Claire reminded me that Ricochet exists to advance the discussion. And since Ponzi schemes are a topic du jour (see Rob and Genferei ), this seems timely. [warning: long post]
For several weeks now, I have been peering into the vastness of the conservative echo chamber, and have identified a certain non-trivial inconsistency. There are two arguments that I have used repeatedly when discussing politics and tax policy with my wonkish friends.
Argument #1 The Social Security System has been a big Ponzi scheme since the beginning. There are no premium payments into a retirement system. Payroll taxes are just that, taxes, and Social Security disburses old age welfare checks (albeit partially indexed to the amount of payroll taxes collected over a recipient’s lifetime). Social Security surpluses are just the difference between a line item tax and its offsetting line item expenditure. And don’t get me started about the Lockbox. Illiniguy sums it up: “Bernie Madoff is a piker compared to the bunch that foisted this mess upon us”.
Argument # 2 The poor and lower middle class people don’t pay income taxes. The King Prawn cites Victor David Hanson. The overwhelming majority of income taxes are paid by the high wage earners. The Earned Income Tax Credit is an Orwellian masterpiece.
I have had no reason to doubt the logical impeccability of either Argument 1 or 2, until recently. It actually started with an “I told you so” moment.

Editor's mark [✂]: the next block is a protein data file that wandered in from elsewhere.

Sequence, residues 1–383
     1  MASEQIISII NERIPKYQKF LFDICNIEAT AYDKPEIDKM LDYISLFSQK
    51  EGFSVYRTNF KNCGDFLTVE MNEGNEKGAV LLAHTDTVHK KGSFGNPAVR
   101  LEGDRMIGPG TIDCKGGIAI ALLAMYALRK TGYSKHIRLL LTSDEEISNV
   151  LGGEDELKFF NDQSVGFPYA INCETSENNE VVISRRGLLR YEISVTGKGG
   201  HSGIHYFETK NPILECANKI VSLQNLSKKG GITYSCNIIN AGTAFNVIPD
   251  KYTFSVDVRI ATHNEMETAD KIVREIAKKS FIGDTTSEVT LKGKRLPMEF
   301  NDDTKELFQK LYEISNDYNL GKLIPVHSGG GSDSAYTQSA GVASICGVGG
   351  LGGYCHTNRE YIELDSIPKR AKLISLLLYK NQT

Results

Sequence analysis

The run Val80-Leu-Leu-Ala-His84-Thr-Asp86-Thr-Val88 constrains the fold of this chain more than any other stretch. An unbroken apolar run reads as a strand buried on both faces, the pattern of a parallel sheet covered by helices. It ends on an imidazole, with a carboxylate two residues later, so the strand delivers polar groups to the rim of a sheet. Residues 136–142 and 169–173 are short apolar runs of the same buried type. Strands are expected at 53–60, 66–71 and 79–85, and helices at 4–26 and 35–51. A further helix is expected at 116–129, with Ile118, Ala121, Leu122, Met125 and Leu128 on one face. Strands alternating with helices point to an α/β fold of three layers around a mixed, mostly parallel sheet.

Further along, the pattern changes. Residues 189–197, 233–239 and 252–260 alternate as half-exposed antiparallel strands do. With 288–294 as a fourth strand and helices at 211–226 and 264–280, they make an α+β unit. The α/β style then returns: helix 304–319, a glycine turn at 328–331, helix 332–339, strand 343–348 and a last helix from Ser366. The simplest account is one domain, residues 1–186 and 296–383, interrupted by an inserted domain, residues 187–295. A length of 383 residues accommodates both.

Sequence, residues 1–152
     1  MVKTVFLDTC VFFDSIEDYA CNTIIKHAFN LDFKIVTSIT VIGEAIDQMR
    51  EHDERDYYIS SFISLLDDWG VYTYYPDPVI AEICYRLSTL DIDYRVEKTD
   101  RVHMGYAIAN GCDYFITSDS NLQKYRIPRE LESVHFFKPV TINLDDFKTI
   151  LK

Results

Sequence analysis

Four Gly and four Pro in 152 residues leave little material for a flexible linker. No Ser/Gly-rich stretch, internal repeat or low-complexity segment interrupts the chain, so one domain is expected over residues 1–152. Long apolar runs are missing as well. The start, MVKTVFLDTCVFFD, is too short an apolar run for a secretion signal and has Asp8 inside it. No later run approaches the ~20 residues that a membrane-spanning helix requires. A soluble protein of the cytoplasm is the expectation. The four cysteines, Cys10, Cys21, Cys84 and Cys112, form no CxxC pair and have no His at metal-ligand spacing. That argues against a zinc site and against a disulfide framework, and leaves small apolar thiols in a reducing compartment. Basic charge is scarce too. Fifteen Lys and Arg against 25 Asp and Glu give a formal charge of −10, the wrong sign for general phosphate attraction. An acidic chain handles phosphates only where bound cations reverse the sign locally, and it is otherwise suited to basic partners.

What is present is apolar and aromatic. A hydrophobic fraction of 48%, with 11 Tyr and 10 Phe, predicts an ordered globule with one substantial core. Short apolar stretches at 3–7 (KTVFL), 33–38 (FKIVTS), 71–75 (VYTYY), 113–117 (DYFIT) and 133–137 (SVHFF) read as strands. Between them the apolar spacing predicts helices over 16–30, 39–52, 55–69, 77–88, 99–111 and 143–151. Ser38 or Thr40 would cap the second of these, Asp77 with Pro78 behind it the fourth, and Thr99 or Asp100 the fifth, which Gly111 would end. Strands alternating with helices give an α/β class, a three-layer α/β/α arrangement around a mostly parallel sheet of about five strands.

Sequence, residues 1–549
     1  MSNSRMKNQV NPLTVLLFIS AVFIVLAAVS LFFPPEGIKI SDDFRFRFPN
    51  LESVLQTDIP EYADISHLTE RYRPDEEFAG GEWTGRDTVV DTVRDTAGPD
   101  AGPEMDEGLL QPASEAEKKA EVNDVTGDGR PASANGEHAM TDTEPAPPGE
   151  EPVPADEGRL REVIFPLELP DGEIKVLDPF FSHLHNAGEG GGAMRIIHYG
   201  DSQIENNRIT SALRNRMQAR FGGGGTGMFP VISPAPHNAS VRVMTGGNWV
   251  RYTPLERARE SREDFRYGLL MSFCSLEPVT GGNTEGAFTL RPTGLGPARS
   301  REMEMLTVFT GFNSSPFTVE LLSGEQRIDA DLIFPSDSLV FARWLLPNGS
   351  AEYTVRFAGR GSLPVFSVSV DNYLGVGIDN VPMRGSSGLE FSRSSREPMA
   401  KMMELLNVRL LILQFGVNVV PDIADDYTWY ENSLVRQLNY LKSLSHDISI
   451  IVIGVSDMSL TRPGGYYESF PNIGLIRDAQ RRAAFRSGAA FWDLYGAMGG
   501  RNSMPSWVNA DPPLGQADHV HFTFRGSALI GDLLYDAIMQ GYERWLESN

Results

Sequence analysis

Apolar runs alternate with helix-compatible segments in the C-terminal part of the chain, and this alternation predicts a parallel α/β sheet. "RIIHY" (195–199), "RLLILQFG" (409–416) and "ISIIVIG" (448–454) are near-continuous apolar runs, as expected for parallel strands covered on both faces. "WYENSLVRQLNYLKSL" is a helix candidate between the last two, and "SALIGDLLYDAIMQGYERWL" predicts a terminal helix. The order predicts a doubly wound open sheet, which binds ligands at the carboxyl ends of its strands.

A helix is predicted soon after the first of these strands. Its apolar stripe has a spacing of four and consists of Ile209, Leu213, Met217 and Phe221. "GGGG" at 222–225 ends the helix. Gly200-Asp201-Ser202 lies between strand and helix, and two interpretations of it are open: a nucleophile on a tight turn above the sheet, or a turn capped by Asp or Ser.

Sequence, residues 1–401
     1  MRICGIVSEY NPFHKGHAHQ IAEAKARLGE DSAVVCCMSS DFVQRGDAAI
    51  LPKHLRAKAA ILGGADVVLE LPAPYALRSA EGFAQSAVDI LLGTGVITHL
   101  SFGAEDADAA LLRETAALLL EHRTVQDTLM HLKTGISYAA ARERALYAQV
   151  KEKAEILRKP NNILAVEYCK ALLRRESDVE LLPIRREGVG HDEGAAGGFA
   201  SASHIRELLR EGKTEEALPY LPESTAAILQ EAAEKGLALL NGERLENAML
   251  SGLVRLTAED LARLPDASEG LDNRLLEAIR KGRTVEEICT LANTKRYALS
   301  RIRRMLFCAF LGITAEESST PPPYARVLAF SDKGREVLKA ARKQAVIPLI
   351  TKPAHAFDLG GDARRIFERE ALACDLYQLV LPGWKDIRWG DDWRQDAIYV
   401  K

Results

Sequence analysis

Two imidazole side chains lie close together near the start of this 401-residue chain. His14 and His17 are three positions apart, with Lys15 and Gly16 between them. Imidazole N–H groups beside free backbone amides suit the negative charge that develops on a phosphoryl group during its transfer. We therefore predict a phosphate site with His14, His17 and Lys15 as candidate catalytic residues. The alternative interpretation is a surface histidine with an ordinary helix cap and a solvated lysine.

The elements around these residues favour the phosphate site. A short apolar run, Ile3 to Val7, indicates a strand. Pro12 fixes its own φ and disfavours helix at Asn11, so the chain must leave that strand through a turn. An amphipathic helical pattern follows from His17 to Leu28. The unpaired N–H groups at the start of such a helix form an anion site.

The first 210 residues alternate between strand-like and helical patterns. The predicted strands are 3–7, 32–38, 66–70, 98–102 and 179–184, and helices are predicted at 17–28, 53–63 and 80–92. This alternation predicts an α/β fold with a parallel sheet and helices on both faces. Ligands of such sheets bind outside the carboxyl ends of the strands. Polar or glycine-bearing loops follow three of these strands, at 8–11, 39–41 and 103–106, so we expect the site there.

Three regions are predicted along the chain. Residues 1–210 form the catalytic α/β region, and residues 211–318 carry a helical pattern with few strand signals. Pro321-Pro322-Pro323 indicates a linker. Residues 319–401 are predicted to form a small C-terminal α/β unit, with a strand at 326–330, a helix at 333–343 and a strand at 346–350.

In the throes of the debt ceiling crisis, Mr. President threatened to withhold Social Security payments to the nation’s elderly. With limited funds available to avoid a looming default, who should Uncle Sam pay next month? Grandma’s check? A soldier’s paycheck? The fuel and ammo invoice for Afghanistan? NIH grants? The Fannie Mae bailout payments? There won’t be enough to go around, and those Social Security checks are not subject to any special prioritization.
SEE, SEE, SEE!! Obama finally gave up the fiction of the trust fund, and admitted that the social security system is just a governmental accounting gimmick (hereinafter “The Big Lie”),. We win Argument #1, slam dunk.
But wait …
If we strip away the Big Lie, then what do we call the 15.3 % (temporarily reduced to 13.3 %) in Fica/medicare/FUTA taxes collected on payroll, partly withheld, partly added to the gross pay by employer. Well payroll “taxes” of course. But everybody pays such taxes, even working class people. It is the closest thing to a flat tax we have.
How much of the total federal revenue comes in from payroll taxes? Turns out: 40%. The first 106,500 in wages per person generates a large percentage (but not a majority) of the tax revenues. Add to that 18% of Federal Revenue attributable to “other”, which includes many regressive taxes like gasoline taxes. 1040 income taxes cover a large percentage also, but certainly not a majority of the overall tax burden.
If we win argument # 1, then we imperil Argument #2. We have demonstrated that (a) payroll taxes are taxes, and (b) everybody pays such taxes, and (c) such taxes are a substantial portion of Federal Revenues.
Contra, if we want to hold onto Argument #2, we have to hold onto the fiction that payroll taxes are not taxes, but “premiums” paid into the oxymoronic “Trust Fund”. Thus Social Security premium payments are kept off the Fed balance sheet, and onto the rich falls the heavy tax burden.
Now my head hurts. Let’s persevere here and dig a little deeper into several concerns.
Concern #1. A comment to VDH’s article asks how much tax do you expect the moderate income, working class citizens to pay? Even the most ardent flat taxer would not say more than 15%. Is this not what they do in fact pay through payroll taxes? Please don’t bust my chops over the portion contributed by the employer. We are looking at the combined payroll tax from both sides as calculated as a percentage of payroll, and which is deductible by the employer a business expense.